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Old 12-11-2012, 07:55 PM   #1 (permalink)
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jack Shaft bearing kit

I put an "All Balls" jackshaft bearing kit into my 94 Sport this past summer... the shaft that drives the track with the cog wheels. The bearing on the left side where the speedometer drive is was basically the same. On the gearbox side however my original open bearing was replaced with a 2 sided sealed bearing. I guess they feel their bearings are good enough that they no longer need the additional lubrication from the gearbox.

Anyone else run into this? Is this something new to expect? It probably doesn't matter as the left side is a sealed bearing too, but just thought I would ask if anyone else ran into this.
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Old 12-11-2012, 08:45 PM   #2 (permalink)
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If you think about it, the sealed bearing on the PTO side gets no additional lubrication *ever*, and it holds up well. Why would you need to introduce a "who-knows-what-quality" lubricant into the other side? If it's good for one side to be filled with an appropriate lubricant from the factory, it's good for the other side too.

In addition to lubrication from the chaincase, you were also getting small metal filings and general "sludge" in there from your degraded oil. It's actually better to be sealed on that side too.
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Old 12-11-2012, 09:00 PM   #3 (permalink)
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The shaft that the cogs are on that drives the track is the driveshaft. The jackshaft is the shaft that the secondary clutch is on, as well as the brake on most sleds. FYI
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Old 12-11-2012, 09:13 PM   #4 (permalink)
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re

Thats what was sort of thinking... Most folks don't change their fluids that often.

For the older gen Indy's the Jackshaft kit and the driveshaft kit are the same part number, just you get an O-ring and spacer that you use only on the drive shaft.

Thanks BC-Dan... I'm getting more and more forgetful with age!!!

I changed my bearing as preventive maintenance. It was time. I don't like hiking out of the woods.
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1996 Polaris XLT with Xtra12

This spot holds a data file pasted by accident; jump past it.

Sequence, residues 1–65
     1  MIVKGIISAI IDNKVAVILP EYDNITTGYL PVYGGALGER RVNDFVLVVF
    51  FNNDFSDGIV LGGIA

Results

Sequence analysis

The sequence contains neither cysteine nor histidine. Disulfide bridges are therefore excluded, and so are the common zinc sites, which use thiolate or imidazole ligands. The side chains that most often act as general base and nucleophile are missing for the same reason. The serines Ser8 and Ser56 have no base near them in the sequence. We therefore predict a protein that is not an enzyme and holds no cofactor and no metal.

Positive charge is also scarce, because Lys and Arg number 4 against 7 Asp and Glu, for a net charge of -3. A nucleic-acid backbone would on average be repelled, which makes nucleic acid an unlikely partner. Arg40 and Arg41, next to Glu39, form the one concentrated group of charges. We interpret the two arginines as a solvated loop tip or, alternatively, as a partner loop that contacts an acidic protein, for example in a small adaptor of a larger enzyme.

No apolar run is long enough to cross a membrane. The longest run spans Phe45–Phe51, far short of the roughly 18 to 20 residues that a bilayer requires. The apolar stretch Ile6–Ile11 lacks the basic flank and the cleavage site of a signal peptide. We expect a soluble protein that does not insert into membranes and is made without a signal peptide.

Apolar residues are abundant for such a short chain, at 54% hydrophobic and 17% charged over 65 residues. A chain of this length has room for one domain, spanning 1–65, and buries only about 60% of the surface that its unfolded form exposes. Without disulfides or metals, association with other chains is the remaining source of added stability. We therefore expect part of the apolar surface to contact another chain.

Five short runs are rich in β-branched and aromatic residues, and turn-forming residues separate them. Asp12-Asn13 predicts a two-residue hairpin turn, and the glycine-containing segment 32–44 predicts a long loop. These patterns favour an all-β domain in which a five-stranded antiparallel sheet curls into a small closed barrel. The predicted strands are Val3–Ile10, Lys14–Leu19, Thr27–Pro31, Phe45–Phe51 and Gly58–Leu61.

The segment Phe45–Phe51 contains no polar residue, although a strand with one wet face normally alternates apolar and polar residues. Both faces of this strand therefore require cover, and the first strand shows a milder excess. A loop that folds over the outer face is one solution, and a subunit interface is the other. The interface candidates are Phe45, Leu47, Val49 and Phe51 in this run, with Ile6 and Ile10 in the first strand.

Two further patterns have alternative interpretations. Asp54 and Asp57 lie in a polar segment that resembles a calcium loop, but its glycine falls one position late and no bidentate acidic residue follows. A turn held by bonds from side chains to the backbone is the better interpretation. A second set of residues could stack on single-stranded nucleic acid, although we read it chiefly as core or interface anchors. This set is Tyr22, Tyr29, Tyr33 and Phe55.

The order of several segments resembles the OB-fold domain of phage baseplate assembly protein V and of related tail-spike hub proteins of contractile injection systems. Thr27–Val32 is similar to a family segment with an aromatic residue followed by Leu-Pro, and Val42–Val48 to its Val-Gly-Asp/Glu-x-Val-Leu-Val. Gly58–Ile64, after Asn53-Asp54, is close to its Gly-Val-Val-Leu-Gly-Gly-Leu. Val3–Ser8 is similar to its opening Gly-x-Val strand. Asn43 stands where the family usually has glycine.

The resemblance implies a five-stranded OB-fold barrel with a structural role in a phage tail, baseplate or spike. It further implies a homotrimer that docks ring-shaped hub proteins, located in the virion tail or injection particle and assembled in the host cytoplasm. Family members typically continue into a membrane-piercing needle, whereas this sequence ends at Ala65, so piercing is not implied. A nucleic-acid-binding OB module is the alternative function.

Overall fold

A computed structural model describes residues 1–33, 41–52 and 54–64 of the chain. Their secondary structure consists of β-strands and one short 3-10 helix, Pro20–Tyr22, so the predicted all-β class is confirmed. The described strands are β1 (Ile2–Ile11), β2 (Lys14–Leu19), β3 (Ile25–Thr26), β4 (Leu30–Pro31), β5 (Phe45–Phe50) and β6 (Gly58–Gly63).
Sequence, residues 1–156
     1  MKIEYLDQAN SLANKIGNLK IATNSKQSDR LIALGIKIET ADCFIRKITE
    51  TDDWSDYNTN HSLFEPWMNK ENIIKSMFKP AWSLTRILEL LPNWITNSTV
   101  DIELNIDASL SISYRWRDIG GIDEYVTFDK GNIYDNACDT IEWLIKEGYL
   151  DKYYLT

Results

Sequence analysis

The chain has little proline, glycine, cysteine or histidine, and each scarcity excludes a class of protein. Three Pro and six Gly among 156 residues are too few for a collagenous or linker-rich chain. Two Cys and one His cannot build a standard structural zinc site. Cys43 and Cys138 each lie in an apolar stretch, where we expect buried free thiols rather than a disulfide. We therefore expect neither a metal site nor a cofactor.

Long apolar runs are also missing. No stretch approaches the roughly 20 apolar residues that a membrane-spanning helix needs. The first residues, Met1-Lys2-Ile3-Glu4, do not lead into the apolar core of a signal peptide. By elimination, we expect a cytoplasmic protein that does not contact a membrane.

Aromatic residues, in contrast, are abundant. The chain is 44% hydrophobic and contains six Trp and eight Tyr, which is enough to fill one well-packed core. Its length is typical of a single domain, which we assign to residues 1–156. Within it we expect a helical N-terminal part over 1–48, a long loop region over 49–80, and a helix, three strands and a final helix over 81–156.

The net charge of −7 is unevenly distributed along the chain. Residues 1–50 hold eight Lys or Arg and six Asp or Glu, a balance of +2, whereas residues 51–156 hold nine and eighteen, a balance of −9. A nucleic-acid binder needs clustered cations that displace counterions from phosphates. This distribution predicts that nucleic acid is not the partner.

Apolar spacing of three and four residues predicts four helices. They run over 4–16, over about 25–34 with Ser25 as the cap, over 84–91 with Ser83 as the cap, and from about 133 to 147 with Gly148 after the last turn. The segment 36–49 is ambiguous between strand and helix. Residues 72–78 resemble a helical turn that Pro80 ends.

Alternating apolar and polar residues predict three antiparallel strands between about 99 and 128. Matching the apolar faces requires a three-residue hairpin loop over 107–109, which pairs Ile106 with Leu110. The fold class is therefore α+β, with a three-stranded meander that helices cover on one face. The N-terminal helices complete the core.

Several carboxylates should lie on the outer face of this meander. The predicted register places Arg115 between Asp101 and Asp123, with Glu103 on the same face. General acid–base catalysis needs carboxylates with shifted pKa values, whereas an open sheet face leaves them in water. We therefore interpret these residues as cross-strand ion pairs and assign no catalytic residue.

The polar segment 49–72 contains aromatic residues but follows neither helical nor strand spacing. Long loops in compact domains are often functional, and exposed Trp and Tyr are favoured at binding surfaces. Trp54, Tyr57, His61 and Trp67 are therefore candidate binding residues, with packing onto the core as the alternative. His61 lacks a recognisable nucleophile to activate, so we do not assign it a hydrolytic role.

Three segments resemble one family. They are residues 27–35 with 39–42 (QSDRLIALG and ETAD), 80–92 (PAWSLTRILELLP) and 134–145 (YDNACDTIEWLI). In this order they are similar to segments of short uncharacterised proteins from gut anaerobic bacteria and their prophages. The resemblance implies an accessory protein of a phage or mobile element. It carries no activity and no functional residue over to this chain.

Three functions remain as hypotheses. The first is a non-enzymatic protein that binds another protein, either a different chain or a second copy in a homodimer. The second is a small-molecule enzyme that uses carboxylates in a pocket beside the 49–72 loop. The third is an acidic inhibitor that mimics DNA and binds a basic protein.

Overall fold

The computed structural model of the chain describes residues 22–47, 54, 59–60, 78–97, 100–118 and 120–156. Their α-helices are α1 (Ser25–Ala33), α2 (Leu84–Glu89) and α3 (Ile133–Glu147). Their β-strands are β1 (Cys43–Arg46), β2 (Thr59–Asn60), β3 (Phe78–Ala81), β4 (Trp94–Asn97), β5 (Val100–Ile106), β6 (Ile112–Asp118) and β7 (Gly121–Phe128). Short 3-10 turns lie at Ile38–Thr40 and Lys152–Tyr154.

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Old 12-12-2012, 12:12 AM   #5 (permalink)
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Amen to that
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Old 12-12-2012, 03:00 AM   #6 (permalink)
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X2 to that!
Preventive maintenance is cheaper than breakdown repairs.
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Old 12-12-2012, 02:12 PM   #7 (permalink)
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Quote:
Originally Posted by meburdick View Post
If you think about it, the sealed bearing on the PTO side gets no additional lubrication *ever*, and it holds up well. Why would you need to introduce a "who-knows-what-quality" lubricant into the other side? If it's good for one side to be filled with an appropriate lubricant from the factory, it's good for the other side too.

In addition to lubrication from the chaincase, you were also getting small metal filings and general "sludge" in there from your degraded oil. It's actually better to be sealed on that side too.
Don't know about yours... but my bearing on the PTO side has a grease zerk, and it gets REGULAR lubrication.
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Old 12-12-2012, 09:41 PM   #8 (permalink)
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There's a zerk there, but that grease doesn't actually enter the bearing. The bearing is sealed.
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Old 12-12-2012, 10:30 PM   #9 (permalink)
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I believe you are correct. The grease will sqeeze through the bearing holder on the back side and appear to go through the bearing, but it is not. The grease is actually there to lube the speedometer drive unit.

Changing those bearings is just not a fun job, and doing it in the cold, or worse yet outside in the cold would be no fun at all. Glad I got mine changed!!!
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1994 Polaris 440 Sport with Xtra10
1996 Polaris XLT with Xtra12
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Old 12-12-2012, 10:34 PM   #10 (permalink)
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Quote:
Originally Posted by meburdick View Post
There's a zerk there, but that grease doesn't actually enter the bearing. The bearing is sealed.
"Sealed" is a relative term. Against water/dust under normal operating conditions... yes, they're "sealed". However - a grease gun exerts a LOT of force, and easily breaches the bearing seals. There wouldn't be a zerk there if the grease couldn't get into the bearing! I have read where some people actually remove the seals on the bearings before installing them, to allow grease to penetrate them more easily. That's really not necessary, as the pressure from a grease gun is sufficient to force grease past the "seals".

This is the same reason why you should never use a pressure washer near the bearings on your sled... pressurized water will easily make it past the "seals".
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